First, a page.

Accessibility– makes a huge difference. Anyone can email call meetings, but being out there and having an aligned, honest culture that supports it is key. As well as being open to feedback –you will find out as much from the guy in the back as from your senior management.

To create change as a leader you have to change the culture down to every single person in the company. You cannot do if you are not accessible to every person.

Honest feedback : The way you start sets the tone for your leadership style.

Make yourself one of them

For example: On Mindy Grossmans first day at HSN, she went through orientation just like everyone else, to see what everybody else feels when they come into this company for the first time (15 people — a guy who is in backstage TV, somebody in production, somebody in planning). Everybody had to go around the room and say what their job was, including her. The impact that had, and how viral it became organization wide, it made a huge difference, because it was a signal of a new management philosophy.

To come into an organization that you love, you care about, and you’re helping to not just drive the business, but people’s lives. If they love what they’re doing and they’re excited and they’re engaged in the culture, then you’re contributing to their growth, their development and their talent. Leaders need to be and have people who not only can manage change, but have an appetite for it.

Need more core qualities of leadership- outside of the business strategy, focus & implementation of what it means to motivate people, and the psychology of what makes someone successful vs. just the quantitative part of it. Ability to motivate, relate to and inspire people.

Unhealthy environment – fear is not a motivating factor you may get a little bit more out of someone in the short term, but long term it completely erodes your business and your culture – you risk to lose good people, not be told the truth & setting a tradition / pattern of the business. Prior to Mindy HSN had about seven C.E.O.’s in the previous ten years. In that kind of situation everybody freezes — where you have a lot of leadership changes, changes in strategy and perhaps not the best leadership style —when someone new comes in, most people think, “O.K., we’ll wait this one out.”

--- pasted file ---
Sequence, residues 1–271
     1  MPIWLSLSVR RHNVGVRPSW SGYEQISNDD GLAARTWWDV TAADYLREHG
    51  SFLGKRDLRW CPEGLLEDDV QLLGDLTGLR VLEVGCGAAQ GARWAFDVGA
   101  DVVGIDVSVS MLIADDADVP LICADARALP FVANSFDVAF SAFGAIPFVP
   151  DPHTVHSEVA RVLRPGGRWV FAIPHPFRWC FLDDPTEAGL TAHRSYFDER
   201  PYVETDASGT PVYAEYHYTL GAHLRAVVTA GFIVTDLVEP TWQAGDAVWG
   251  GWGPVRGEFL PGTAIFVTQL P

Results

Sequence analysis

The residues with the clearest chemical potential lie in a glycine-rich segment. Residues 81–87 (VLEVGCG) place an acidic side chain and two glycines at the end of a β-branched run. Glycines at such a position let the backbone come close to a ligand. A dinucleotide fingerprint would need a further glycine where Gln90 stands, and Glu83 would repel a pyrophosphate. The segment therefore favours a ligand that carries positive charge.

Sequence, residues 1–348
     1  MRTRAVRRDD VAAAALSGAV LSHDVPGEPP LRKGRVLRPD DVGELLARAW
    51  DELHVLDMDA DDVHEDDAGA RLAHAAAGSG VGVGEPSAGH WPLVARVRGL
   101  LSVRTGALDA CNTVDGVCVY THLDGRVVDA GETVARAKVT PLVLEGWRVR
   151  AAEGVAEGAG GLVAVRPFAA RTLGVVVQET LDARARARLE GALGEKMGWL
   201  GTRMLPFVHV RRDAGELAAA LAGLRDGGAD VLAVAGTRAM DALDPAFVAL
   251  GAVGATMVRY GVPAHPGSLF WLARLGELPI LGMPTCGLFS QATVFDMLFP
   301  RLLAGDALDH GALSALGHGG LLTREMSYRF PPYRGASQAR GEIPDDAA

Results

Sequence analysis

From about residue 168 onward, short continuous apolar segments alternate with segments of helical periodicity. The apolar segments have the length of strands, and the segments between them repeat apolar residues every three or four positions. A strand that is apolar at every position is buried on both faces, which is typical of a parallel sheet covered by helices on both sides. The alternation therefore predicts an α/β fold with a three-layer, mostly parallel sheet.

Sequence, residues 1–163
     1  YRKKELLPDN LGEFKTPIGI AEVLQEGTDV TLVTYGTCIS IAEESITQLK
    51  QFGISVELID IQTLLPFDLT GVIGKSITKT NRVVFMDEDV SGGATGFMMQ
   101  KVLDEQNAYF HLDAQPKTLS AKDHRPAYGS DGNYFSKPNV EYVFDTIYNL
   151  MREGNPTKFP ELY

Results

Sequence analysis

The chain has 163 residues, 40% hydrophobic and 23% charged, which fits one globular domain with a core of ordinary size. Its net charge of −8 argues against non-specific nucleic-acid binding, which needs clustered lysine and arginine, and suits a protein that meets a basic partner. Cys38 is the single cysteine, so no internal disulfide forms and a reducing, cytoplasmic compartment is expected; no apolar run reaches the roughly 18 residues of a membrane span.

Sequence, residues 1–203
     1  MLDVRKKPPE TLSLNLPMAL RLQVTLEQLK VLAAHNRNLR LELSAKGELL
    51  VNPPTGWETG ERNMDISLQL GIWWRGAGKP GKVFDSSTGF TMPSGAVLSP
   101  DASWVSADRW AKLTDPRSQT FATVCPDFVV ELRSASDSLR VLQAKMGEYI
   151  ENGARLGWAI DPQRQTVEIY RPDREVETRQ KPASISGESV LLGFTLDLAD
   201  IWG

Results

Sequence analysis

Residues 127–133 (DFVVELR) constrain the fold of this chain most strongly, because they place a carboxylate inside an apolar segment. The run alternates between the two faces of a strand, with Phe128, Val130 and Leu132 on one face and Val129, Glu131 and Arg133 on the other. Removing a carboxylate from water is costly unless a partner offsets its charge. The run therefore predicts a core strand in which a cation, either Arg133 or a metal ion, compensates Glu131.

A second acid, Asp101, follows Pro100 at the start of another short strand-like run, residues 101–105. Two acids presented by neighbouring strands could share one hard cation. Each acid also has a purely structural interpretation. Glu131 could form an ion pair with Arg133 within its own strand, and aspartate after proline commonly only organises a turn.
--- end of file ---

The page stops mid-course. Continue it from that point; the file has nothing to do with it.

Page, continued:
So there’s an impact when someone says: “I want to be here. Here’s why I’m here. I’m here to listen and understand what we need to do.”

Command-and-control leadership? – It’s not culturally relevant anymore- generations and global trends have highlighted the idea that you need somebody to tell you what to do and not think for yourself, is not a fruitful culture. You eliminate intelligent, inspired talent, who want some form of entrepreneurial environment to be able to exercise their talent. Empowering and challenging the staff vs simply telling them to do something creates a more creative environment – as they might be able to see better way.

Teaching of skills and implementation of strategy & business models is key – aligned business strategic decision and corporate communication must be implemented to ensure those who need to be led have a clear concise direction to follow – without fear – opening up to possibilities to staff and the organization of newer perspectives and interpretations –is a process of cultural & organizational growth.
Having worked for some amazing leaders and of course the opposite –we develop a clear path of what we know we don’t want to be and the perspective of what had lasting, sustainable impact. But at the end of the day, as the leader you have to own it.
There is a window of time to create change and inspire the organization to all go in the same direction. You need evangelists to be able to do that, who share your passion and your vision for where you want to go- and be one yourself.

A very quick assessment of how many of those evangelists exist is necessary, who to recruit, and who are the “blockers,” / the toxic personalities who need to go.
Time to “size people up” – Initial conversation to get a real sense of a person’s quantitative and qualitative skills. One of the first questions to ask is, “What’s X (insert company name)?”

For example MG – HSN Anyone who said, “Oh, it’s just a television shopping network,” was not going to get where we were going. Asked what they thought of our customers, and anybody who talked down was never going to get it. Asked what drove them, what they were passionate about. “Why are you here, and why are you staying?”
Culture amongst staff and employees – energy-givers and that this person is going to be able to inspire people. Are they going to be optimistic about where they’re going? Are they going to attract people who are like that? To stand up to management when they believe in something? Passionate – people who are going to be able to make the company look at things in a different way. Question – “Give me an instance where you really believed in something and you were able to change the course and it was successful, whatever that was.” Important -don’t want people telling you what you already know, or not telling you what you need to know.

Sources: Interview by Adam Bryant of HSN’s Mindy Grossman – New York Times